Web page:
Read John 5
The Healing at the Pool
1 Some time later, Jesus went up to Jerusalem for one of the Jewish festivals. 2 Now there is in Jerusalem near the Sheep Gate a pool, which in Aramaic is called Bethesda and which is surrounded by five covered colonnades. 3 Here a great number of disabled people used to lie—the blind, the lame, the paralyzed. 5 One who was there had been an invalid for thirty-eight years. 6 When Jesus saw him lying there and learned that he had been in this condition for a long time, he asked him, “Do you want to get well?”
7 “Sir,” the invalid replied, “I have no one to help me into the pool when the water is stirred. While I am trying to get in, someone else goes down ahead of me.”
8 Then Jesus said to him, “Get up! Pick up your mat and walk.” 9 At once the man was cured; he picked up his mat and walked.
The day on which this took place was a Sabbath, 10 and so the Jewish leaders said to the man who had been healed, “It is the Sabbath; the law forbids you to carry your mat.”
11 But he replied, “The man who made me well said to me, ‘Pick up your mat and walk.’ ”
12 So they asked him, “Who is this fellow who told you to pick it up and walk?”
13 The man who was healed had no idea who it was, for Jesus had slipped away into the crowd that was there.
14 Later Jesus found him at the temple and said to him, “See, you are well again. Stop sinning or something worse may happen to you.” 15 The man went away and told the Jewish leaders that it was Jesus who had made him well.
The Authority of the Son
16 So, because Jesus was doing these things on the Sabbath, the Jewish leaders began to persecute him. 17 In his defense Jesus said to them, “My Father is always at his work to this very day, and I too am working.” 18 For this reason they tried all the more to kill him; not only was he breaking the Sabbath, but he was even calling God his own Father, making himself equal with God.
19 Jesus gave them this answer: “Very truly I tell you, the Son can do nothing by himself; he can do only what he sees his Father doing, because whatever the Father does the Son also does. 20 For the Father loves the Son and shows him all he does. Yes, and he will show him even greater works than these, so that you will be amazed. 21 For just as the Father raises the dead and gives them life, even so the Son gives life to whom he is pleased to give it. 22 Moreover, the Father judges no one, but has entrusted all judgment to the Son, 23 that all may honor the Son just as they honor the Father. Whoever does not honor the Son does not honor the Father, who sent him.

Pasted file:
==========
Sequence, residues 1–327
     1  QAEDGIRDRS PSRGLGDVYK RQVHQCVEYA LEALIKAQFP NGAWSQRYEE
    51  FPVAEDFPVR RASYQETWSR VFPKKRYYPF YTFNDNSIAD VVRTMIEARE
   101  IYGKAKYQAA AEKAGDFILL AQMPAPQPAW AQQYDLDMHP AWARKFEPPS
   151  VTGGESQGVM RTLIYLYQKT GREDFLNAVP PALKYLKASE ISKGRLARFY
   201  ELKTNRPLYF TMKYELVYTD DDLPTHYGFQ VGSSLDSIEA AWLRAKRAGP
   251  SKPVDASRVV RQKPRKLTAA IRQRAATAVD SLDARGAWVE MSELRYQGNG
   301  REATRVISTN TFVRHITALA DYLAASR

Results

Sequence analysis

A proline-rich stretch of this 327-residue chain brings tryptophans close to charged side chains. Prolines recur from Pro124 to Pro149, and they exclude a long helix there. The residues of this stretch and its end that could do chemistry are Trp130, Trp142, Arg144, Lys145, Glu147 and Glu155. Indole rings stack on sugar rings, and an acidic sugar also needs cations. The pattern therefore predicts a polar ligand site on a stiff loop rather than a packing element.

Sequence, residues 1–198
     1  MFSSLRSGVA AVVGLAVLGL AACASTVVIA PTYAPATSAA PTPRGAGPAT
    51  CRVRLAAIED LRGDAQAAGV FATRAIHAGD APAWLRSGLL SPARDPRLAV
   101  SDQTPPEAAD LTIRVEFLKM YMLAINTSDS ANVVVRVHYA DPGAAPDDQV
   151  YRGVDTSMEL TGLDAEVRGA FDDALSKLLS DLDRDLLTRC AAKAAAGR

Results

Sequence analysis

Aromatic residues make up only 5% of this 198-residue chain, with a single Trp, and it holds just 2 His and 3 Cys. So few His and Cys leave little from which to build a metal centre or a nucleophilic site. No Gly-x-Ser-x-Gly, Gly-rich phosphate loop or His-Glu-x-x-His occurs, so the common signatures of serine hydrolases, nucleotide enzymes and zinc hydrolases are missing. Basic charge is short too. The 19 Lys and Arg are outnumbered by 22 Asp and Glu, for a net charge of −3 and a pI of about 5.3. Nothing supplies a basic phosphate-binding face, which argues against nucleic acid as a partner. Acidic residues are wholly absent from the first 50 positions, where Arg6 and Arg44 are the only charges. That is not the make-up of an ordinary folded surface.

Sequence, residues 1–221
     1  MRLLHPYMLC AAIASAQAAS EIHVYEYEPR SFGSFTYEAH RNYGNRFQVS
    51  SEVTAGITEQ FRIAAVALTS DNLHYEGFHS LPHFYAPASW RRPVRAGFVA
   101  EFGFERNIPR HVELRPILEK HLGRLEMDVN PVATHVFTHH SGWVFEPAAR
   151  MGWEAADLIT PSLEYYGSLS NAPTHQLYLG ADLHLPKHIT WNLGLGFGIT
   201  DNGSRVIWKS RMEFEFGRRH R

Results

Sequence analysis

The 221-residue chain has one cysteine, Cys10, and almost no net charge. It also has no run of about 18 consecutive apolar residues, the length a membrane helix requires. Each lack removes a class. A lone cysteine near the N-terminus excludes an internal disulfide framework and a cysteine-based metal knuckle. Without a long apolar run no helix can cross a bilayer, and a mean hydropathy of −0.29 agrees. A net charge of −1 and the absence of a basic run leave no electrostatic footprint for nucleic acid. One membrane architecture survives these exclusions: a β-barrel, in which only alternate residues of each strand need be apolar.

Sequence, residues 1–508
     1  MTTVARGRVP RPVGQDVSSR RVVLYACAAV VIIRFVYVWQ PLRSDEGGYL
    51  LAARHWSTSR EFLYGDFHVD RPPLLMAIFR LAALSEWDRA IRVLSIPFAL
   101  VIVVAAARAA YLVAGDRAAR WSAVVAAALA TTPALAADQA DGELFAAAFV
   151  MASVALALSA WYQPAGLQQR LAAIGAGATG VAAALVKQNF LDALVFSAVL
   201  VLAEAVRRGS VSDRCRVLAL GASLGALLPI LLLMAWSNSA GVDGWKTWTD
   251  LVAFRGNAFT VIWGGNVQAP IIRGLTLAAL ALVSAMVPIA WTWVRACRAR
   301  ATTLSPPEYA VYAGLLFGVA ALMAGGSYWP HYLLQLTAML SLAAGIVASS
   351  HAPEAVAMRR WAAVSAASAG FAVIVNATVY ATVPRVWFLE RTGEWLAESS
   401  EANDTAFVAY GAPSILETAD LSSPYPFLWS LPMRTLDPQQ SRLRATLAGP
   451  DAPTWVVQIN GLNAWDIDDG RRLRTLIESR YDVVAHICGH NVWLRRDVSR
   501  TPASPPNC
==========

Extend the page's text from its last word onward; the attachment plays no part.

24 “Very truly I tell you, whoever hears my word and believes him who sent me has eternal life and will not be judged but has crossed over from death to life. 25 Very truly I tell you, a time is coming and has now come when the dead will hear the voice of the Son of God and those who hear will live. 26 For as the Father has life in himself, so he has granted the Son also to have life in himself. 27 And he has given him authority to judge because he is the Son of Man.
28 “Do not be amazed at this, for a time is coming when all who are in their graves will hear his voice 29 and come out—those who have done what is good will rise to live, and those who have done what is evil will rise to be condemned. 30 By myself I can do nothing; I judge only as I hear, and my judgment is just, for I seek not to please myself but him who sent me.
Testimonies About Jesus
31 “If I testify about myself, my testimony is not true. 32 There is another who testifies in my favor, and I know that his testimony about me is true.
33 “You have sent to John and he has testified to the truth.34 Not that I accept human testimony; but I mention it that you may be saved. 35 John was a lamp that burned and gave light, and you chose for a time to enjoy his light.